I'd like my review to correct what seems to be an over-hasty, unreflective lionization of Golding's translation by the other reviewers. Yes, it is a "great translation," in the sense that Marlowe's translations from Latin are, or Motteaux' Don Quixote is, or Pope's Iliad, or Robert Lowell's Imitations, or Pound's Chinese "translations," or even Ted Hughes' Tales From Ovid: that is, it is an powerful, compelling, wholly literary work in its own right, but it is nowhere near the original in terms of accuracy. The Latinless reader would do much better to buy Melville's excellent Oxford translation (which lacks nothing in poetic splendor) or perhaps Allen Mandelbaum's. As for the poetic "quality" of Golding's verse, that's of course subjective, but I could easily think of at least ten Elizabethan poets who are more satisfying to my taste. Golding's chief literary interest, as Nims points out, is his absolutely odd-ball English; attentive readers will find him a veritable storehouse of strange, funny, quaint Elizabethanisms that didn't quite make it into Shakespeare or the other mainstream writers of the period. (Much of the same joy can be found in Chapman's marvelous translations of Homer, reprinted by Princeton.) And the much-quoted Pound maxim comes from his wonderfully cantankerous ABC of Reading, certainly a fascinating book, but one in which Pound indulges in various critical pronouncements that seem, at times, merely whimsical or rhetorical. Much of Golding is rough, much dull, much of its interest is linguistic rather than poetic. He also adds a lot to round off his fourteeners (which I can't imagine are palatable to most readers for long stretches): his additions are fun, but they're not Ovid. Golding "Englished" Ovid to a great degree: his imagery often comes from English culture, not Mediterranean. Of course, any translation is fallible, and Golding's faults as a translator are, in my view, his greatest strengths as a poet, but he's definitely not a good place to start reading what is certainly one of the world's greatest books. This is a fine book, well worth the five stars, but emphatically NOT for the reasons cited by my colleagues. If you want Ovid, go for the original; failing that, Melville's your man.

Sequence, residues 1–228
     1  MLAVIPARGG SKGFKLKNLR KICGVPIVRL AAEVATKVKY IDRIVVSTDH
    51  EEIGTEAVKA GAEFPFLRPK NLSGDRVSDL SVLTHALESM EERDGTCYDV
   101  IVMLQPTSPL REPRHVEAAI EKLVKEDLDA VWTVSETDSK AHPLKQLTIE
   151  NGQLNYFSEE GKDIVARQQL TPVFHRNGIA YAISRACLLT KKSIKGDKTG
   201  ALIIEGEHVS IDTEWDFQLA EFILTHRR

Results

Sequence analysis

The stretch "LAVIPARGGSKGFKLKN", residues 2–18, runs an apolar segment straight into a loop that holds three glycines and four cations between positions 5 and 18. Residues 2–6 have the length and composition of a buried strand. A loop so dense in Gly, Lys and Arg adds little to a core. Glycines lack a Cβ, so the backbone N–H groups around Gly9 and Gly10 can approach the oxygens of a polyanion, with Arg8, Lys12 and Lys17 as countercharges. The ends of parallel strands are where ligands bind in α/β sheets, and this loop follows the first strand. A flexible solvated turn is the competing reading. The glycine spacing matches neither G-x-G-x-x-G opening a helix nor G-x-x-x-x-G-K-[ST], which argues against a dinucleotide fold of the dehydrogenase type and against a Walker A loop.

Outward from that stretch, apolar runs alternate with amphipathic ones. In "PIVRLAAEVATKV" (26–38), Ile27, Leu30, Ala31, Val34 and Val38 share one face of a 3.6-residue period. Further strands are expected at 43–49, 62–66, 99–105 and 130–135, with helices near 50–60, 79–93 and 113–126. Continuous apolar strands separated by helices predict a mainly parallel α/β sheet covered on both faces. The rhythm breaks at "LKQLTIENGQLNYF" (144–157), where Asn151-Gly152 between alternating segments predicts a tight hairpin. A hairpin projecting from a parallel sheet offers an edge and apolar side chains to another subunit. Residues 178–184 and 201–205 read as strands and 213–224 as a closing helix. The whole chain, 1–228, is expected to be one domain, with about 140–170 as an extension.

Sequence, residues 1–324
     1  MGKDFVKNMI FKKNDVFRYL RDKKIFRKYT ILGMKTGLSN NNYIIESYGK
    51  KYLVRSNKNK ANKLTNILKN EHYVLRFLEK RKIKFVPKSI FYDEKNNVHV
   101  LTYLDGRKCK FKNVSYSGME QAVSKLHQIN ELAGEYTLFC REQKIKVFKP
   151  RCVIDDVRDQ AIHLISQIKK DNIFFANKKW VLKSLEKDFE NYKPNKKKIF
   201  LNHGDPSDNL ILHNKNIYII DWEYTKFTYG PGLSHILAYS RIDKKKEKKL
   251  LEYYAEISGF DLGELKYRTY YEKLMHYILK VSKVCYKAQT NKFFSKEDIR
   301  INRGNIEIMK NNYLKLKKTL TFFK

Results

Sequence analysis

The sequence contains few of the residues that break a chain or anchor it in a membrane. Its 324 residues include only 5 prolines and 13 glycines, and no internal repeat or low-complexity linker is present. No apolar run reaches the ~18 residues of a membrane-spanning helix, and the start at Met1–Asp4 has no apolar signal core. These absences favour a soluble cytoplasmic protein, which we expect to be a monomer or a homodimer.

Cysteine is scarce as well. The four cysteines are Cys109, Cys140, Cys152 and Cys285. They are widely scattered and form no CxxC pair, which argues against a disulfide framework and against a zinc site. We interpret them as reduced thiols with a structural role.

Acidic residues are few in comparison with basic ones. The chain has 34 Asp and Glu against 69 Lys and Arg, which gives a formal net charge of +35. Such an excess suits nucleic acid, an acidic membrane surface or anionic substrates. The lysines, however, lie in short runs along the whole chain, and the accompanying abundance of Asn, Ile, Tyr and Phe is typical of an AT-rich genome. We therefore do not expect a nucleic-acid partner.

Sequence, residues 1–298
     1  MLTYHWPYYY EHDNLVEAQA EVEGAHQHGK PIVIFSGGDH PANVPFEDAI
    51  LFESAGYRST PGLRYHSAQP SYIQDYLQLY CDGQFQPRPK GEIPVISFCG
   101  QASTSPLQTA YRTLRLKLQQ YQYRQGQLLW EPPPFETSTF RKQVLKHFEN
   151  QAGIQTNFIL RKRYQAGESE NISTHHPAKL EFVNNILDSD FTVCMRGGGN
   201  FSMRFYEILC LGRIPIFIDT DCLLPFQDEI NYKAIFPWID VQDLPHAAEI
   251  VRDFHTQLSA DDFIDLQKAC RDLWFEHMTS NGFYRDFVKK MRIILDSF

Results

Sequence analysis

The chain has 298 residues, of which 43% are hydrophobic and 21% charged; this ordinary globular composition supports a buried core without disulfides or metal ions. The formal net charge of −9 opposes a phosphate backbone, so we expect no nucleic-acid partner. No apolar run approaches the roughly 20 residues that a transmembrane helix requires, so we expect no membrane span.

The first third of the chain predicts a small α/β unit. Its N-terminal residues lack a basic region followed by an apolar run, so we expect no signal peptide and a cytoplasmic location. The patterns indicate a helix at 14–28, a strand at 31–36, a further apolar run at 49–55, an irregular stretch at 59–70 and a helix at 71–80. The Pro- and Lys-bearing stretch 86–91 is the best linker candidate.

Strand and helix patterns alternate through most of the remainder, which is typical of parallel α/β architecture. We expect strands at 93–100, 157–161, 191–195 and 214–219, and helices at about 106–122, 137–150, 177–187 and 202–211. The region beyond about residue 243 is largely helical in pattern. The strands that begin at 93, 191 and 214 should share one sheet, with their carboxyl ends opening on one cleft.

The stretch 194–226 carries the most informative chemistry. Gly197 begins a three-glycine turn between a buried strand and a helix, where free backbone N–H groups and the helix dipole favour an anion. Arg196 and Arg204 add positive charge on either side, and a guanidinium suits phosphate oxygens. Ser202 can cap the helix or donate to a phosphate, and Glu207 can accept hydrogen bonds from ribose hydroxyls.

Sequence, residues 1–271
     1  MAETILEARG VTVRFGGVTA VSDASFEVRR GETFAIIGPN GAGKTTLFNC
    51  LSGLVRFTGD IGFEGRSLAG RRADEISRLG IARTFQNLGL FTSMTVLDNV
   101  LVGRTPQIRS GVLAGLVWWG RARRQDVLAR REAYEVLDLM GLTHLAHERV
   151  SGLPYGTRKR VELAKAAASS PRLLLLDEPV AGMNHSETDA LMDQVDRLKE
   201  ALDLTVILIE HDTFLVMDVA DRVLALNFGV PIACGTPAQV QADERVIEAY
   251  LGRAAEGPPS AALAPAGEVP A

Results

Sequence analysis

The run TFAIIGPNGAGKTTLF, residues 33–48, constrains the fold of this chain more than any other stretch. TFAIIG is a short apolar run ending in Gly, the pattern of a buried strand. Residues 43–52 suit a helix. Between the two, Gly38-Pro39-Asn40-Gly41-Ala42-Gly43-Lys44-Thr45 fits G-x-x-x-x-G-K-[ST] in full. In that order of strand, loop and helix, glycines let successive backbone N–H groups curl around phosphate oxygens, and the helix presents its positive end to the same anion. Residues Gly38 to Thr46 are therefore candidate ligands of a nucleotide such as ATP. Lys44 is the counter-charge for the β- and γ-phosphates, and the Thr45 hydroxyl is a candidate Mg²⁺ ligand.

called 'the most beautiful book in the english language'...
This edition presents the Arthur Golding translation just as it would have been read at the time of its publication (1567). The Elizabethan spelling is maintained but is not an overwhelming problem (and really not very difficult at all and really adds to the charm of the translation (poetry) itself...) The print of this edition is also perfect in look (black print) and size and is the type of print that gives words a more substantial look...(that's not a small thing in a work like this...) Arthur Golding was not only a Protestant in times when faith was very political, but he was a Puritan...(he also was famous for translating John Calvin...) This edition reprints his preface where he justifies his efforts in translating Ovid. It also reprints his Epistle, or, dedication... I noticed on the copyright page that this is a reprint of an edition that was published back in 1965 by Simon and Schuster which interested me because I've been looking for an edition new or used of the famous Golding translation all my reading life (which began well after 1965...) and had never had any luck, so I would say if you come across this edition or it's not out-of-print by the time you see it here on and you've always wanted to read it (I, by the way, had never been able to find the Golding translation in any libraries either...) then don't put-off aquiring it... Golding's translation of Ovid's Metamorphoses is really a basic book (there are only about 40 of those at last count...don't ask me to document that though...) Why is Golding's translation of this work so intriguing...? It, for one thing, looks on the page like sunlight looks when it's dancing and flashing off the water of a running brook...